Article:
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Tree and Two Women

Park Soo-keun Korean

On view at The Met Fifth Avenue in Gallery 233

Having emerged from modest origins, Park Soo-keun aspired to be an artist after seeing a work by French painter Jean-François Millet (1814–1875). During the 1940s in Pyeongyang, inspired by granite Buddhist sculptures, pagodas, and unearthed Goguryeo (37 BCE–668 CE) tomb wall paintings, he cultivated his distinctive style of a muted palette and a textured surface often characterized as “stonelike.” Much of his work spotlights ordinary individuals, primarily women and children, echoing Millet’s influence. After the Korean War (1950–53), the loss of men resulted in widows, mothers, and daughters bearing the weight of reconstruction. Park’s depictions of toiling women, often alongside children, recognize their indispensability and empathize with their burdens. Painted in his rough style, the women take on a monumental permanence inspired by monuments and statues, a connection that may also be an artistic response to Korea’s rapid postwar transformation.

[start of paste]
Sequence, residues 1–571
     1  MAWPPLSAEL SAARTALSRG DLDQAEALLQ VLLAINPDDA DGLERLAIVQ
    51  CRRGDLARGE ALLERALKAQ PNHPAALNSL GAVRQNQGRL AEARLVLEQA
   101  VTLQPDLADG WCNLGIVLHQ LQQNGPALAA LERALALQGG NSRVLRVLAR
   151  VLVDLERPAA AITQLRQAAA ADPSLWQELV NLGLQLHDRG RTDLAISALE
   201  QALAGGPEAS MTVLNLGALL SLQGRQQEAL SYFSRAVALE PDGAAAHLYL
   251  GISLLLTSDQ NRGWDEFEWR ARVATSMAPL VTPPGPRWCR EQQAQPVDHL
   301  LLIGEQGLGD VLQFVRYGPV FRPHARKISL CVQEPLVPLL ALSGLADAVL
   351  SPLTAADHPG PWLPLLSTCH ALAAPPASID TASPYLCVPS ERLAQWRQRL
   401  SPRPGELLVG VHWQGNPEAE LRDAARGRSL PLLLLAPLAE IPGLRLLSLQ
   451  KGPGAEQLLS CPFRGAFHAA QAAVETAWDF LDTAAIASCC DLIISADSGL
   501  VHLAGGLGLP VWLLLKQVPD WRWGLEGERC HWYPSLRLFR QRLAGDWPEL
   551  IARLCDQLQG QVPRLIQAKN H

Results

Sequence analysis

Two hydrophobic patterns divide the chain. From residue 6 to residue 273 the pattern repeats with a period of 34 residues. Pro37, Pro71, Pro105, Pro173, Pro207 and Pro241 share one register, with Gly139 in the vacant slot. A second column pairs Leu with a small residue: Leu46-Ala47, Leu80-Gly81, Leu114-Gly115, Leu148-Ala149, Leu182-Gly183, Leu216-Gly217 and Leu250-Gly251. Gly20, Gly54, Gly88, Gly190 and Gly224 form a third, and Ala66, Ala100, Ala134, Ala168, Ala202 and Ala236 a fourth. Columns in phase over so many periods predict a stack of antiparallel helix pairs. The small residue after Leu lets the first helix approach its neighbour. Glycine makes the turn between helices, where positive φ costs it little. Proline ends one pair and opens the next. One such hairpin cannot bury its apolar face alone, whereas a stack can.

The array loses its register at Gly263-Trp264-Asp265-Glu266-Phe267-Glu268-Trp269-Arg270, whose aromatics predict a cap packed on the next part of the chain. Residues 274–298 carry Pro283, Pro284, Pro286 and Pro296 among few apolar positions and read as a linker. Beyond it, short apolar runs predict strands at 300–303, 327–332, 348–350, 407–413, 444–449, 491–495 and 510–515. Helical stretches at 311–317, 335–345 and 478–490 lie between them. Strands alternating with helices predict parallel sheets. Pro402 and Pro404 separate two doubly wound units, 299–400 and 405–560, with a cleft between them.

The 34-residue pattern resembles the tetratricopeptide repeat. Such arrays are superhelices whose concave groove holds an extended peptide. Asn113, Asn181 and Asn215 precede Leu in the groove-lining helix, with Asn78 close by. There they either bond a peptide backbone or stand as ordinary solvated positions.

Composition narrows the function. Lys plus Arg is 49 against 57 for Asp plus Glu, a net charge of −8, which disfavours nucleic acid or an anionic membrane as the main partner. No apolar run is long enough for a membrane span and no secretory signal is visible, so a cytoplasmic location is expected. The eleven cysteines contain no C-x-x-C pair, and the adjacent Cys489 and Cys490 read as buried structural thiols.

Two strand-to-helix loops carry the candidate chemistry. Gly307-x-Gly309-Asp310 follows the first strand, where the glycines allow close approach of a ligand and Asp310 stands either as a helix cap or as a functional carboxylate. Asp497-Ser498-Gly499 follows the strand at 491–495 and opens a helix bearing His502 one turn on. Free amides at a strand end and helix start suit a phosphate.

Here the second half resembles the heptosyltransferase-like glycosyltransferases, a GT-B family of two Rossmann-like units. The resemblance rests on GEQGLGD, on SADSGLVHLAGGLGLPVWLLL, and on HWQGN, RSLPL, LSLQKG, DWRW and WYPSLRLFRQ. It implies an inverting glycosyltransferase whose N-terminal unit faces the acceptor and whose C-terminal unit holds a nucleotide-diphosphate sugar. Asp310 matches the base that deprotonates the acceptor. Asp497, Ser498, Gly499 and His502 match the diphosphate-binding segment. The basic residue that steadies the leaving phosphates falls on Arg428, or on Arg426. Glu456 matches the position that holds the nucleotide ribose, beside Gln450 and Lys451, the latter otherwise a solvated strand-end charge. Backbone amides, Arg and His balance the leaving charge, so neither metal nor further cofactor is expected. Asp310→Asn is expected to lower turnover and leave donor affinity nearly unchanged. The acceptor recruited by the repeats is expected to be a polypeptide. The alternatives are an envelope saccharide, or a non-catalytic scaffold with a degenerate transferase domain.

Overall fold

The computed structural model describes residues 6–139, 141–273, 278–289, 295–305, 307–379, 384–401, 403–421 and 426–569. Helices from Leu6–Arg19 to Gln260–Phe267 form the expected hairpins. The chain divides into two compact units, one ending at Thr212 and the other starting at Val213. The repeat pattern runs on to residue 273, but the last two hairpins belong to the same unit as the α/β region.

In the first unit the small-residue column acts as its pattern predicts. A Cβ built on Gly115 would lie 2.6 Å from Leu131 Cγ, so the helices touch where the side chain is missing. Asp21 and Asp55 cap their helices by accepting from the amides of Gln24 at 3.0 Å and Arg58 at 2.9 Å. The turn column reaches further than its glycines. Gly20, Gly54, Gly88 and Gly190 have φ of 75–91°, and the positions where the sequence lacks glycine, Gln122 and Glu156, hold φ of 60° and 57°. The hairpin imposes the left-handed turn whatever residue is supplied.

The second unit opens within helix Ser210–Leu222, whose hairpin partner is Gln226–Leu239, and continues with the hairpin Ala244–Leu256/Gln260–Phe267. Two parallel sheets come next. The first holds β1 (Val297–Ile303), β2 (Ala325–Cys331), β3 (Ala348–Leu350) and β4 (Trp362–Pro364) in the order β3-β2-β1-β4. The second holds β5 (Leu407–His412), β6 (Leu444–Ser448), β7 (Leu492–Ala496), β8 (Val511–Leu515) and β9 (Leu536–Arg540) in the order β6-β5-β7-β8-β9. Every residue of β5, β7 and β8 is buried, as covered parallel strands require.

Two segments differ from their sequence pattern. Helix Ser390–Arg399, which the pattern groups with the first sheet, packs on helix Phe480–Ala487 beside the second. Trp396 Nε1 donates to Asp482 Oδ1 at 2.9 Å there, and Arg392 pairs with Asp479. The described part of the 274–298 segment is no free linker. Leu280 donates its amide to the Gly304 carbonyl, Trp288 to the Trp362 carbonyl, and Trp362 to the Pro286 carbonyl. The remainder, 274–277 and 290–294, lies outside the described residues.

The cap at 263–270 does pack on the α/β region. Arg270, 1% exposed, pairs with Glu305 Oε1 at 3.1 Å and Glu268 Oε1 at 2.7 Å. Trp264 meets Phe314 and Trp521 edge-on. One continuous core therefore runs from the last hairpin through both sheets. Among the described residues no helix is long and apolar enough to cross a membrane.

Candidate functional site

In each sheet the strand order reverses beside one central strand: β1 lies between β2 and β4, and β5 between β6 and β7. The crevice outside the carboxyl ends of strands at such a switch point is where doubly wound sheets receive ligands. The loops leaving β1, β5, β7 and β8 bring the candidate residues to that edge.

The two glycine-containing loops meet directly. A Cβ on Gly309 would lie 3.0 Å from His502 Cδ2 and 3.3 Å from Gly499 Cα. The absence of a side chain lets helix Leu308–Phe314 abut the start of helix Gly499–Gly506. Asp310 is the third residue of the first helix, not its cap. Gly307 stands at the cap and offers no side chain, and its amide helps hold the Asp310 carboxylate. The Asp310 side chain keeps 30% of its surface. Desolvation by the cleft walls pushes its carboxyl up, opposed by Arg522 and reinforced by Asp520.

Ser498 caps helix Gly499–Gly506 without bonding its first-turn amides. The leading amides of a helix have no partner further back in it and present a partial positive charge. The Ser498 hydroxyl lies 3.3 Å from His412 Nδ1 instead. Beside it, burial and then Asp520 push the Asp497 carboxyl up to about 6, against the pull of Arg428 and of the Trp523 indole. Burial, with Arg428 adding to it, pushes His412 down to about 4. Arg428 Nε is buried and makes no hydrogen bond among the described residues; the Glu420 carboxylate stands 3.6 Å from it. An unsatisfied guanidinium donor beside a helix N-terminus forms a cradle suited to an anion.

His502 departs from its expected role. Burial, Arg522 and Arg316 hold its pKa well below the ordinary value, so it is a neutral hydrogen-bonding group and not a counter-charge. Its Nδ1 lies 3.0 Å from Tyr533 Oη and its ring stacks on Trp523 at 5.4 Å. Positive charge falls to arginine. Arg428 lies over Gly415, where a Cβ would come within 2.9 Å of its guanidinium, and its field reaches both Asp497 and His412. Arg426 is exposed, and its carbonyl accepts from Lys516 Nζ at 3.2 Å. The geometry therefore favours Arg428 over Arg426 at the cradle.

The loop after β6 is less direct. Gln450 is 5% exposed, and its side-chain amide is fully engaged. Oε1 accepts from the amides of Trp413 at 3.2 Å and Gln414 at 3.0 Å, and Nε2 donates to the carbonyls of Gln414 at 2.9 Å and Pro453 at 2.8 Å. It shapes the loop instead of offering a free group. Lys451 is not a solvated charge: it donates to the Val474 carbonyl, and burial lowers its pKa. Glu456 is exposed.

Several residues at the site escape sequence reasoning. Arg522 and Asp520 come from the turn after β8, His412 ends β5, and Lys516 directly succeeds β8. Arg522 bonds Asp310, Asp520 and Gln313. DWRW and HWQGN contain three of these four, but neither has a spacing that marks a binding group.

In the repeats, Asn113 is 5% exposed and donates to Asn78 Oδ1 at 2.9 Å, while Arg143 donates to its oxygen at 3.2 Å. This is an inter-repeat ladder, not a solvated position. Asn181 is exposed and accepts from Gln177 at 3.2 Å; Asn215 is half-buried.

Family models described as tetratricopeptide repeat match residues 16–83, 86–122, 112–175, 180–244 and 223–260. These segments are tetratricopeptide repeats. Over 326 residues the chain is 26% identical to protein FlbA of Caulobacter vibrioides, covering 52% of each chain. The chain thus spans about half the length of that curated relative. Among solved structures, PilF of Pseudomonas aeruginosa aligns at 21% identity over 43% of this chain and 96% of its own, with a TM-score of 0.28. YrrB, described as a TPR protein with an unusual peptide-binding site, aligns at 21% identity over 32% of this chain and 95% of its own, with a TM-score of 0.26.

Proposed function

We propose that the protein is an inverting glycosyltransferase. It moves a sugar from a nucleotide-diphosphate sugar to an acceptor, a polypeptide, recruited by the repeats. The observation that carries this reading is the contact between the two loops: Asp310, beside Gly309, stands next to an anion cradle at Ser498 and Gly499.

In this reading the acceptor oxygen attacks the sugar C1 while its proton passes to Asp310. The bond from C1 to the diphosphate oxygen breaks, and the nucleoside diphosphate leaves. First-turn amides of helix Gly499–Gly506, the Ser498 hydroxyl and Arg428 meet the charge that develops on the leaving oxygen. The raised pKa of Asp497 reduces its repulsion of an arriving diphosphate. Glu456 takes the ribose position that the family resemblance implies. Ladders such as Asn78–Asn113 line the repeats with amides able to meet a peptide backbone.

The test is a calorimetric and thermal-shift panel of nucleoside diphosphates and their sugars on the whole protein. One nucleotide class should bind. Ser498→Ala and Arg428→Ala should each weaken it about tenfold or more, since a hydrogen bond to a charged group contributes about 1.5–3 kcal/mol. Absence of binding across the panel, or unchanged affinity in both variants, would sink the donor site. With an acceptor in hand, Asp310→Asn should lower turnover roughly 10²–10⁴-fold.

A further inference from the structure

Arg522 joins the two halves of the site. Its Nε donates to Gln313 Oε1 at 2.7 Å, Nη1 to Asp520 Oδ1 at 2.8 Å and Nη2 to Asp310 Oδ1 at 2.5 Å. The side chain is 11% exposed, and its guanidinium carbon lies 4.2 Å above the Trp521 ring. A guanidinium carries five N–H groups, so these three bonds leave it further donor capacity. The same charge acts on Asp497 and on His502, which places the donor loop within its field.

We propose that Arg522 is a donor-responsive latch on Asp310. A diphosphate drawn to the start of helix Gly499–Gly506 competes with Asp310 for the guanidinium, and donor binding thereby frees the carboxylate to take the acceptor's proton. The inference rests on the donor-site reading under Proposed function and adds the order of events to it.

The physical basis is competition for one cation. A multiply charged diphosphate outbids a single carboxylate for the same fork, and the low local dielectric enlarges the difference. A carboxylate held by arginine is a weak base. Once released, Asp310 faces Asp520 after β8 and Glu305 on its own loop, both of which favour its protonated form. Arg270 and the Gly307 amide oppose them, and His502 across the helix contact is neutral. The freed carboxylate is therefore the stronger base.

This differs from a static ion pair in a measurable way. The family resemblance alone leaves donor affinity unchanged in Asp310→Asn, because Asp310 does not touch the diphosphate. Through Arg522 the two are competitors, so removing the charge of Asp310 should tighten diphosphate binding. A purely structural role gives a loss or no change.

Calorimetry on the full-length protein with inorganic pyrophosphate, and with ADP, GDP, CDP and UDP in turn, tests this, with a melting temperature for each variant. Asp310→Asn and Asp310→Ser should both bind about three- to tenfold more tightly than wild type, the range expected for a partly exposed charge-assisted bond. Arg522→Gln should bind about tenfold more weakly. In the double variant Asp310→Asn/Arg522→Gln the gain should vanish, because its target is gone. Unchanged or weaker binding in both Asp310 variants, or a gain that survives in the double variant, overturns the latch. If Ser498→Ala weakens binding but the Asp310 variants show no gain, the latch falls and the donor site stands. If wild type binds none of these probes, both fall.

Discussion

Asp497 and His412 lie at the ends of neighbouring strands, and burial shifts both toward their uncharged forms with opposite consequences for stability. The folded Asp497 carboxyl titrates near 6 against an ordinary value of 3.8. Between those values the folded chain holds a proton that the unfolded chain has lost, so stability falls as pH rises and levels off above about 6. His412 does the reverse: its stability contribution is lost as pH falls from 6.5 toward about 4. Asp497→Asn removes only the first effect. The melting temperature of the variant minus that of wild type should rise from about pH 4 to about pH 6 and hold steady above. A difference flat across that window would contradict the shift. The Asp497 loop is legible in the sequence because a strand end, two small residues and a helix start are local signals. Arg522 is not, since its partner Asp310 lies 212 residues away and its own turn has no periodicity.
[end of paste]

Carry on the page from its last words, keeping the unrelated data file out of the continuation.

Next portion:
Tree and Two Women, Park Soo-keun (Korean, 1914–1965), Oil on canvas, Korea

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